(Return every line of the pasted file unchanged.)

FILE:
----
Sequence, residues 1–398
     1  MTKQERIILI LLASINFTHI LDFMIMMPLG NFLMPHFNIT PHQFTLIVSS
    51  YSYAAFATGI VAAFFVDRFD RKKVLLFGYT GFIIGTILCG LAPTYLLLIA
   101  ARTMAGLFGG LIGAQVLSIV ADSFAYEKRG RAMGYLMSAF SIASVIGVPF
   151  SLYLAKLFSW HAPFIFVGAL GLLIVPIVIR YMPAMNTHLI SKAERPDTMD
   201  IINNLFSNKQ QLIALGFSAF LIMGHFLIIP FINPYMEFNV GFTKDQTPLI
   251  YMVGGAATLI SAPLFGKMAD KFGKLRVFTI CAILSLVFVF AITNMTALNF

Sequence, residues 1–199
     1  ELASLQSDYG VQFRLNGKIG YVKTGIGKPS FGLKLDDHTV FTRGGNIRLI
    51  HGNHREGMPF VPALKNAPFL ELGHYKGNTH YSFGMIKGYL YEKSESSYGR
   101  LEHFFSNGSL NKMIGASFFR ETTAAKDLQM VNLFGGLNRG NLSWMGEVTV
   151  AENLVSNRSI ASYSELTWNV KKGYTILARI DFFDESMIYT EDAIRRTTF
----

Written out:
Sequence, residues 1–398
     1  MTKQERIILI LLASINFTHI LDFMIMMPLG NFLMPHFNIT PHQFTLIVSS
    51  YSYAAFATGI VAAFFVDRFD RKKVLLFGYT GFIIGTILCG LAPTYLLLIA
   101  ARTMAGLFGG LIGAQVLSIV ADSFAYEKRG RAMGYLMSAF SIASVIGVPF
   151  SLYLAKLFSW HAPFIFVGAL GLLIVPIVIR YMPAMNTHLI SKAERPDTMD
   201  IINNLFSNKQ QLIALGFSAF LIMGHFLIIP FINPYMEFNV GFTKDQTPLI
   251  YMVGGAATLI SAPLFGKMAD KFGKLRVFTI CAILSLVFVF AITNMTALNF

Sequence, residues 1–199
     1  ELASLQSDYG VQFRLNGKIG YVKTGIGKPS FGLKLDDHTV FTRGGNIRLI
    51  HGNHREGMPF VPALKNAPFL ELGHYKGNTH YSFGMIKGYL YEKSESSYGR
   101  LEHFFSNGSL NKMIGASFFR ETTAAKDLQM VNLFGGLNRG NLSWMGEVTV
   151  AENLVSNRSI ASYSELTWNV KKGYTILARI DFFDESMIYT EDAIRRTTF